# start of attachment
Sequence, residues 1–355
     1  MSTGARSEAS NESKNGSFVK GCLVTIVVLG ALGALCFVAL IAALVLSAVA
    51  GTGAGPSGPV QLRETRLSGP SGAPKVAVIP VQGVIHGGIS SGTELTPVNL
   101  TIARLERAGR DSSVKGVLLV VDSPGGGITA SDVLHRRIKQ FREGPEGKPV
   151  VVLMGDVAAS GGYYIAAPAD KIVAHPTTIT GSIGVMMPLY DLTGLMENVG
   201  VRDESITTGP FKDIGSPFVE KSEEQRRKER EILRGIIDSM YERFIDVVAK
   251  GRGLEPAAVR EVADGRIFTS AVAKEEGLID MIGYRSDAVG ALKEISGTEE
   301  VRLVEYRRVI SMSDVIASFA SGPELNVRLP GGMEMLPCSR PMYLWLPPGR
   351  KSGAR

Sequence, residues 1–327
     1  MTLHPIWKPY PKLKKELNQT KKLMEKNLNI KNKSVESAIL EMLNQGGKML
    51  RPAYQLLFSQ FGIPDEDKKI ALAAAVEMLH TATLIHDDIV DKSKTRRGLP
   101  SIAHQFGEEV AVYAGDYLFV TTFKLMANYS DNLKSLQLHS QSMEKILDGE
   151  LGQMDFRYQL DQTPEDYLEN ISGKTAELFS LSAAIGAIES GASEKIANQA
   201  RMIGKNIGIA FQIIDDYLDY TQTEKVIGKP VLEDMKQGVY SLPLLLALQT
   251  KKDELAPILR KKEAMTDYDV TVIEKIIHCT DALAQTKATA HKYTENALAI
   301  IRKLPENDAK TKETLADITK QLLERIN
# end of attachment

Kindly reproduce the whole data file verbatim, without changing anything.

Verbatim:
Sequence, residues 1–355
     1  MSTGARSEAS NESKNGSFVK GCLVTIVVLG ALGALCFVAL IAALVLSAVA
    51  GTGAGPSGPV QLRETRLSGP SGAPKVAVIP VQGVIHGGIS SGTELTPVNL
   101  TIARLERAGR DSSVKGVLLV VDSPGGGITA SDVLHRRIKQ FREGPEGKPV
   151  VVLMGDVAAS GGYYIAAPAD KIVAHPTTIT GSIGVMMPLY DLTGLMENVG
   201  VRDESITTGP FKDIGSPFVE KSEEQRRKER EILRGIIDSM YERFIDVVAK
   251  GRGLEPAAVR EVADGRIFTS AVAKEEGLID MIGYRSDAVG ALKEISGTEE
   301  VRLVEYRRVI SMSDVIASFA SGPELNVRLP GGMEMLPCSR PMYLWLPPGR
   351  KSGAR

Sequence, residues 1–327
     1  MTLHPIWKPY PKLKKELNQT KKLMEKNLNI KNKSVESAIL EMLNQGGKML
    51  RPAYQLLFSQ FGIPDEDKKI ALAAAVEMLH TATLIHDDIV DKSKTRRGLP
   101  SIAHQFGEEV AVYAGDYLFV TTFKLMANYS DNLKSLQLHS QSMEKILDGE
   151  LGQMDFRYQL DQTPEDYLEN ISGKTAELFS LSAAIGAIES GASEKIANQA
   201  RMIGKNIGIA FQIIDDYLDY TQTEKVIGKP VLEDMKQGVY SLPLLLALQT
   251  KKDELAPILR KKEAMTDYDV TVIEKIIHCT DALAQTKATA HKYTENALAI
   301  IRKLPENDAK TKETLADITK QLLERIN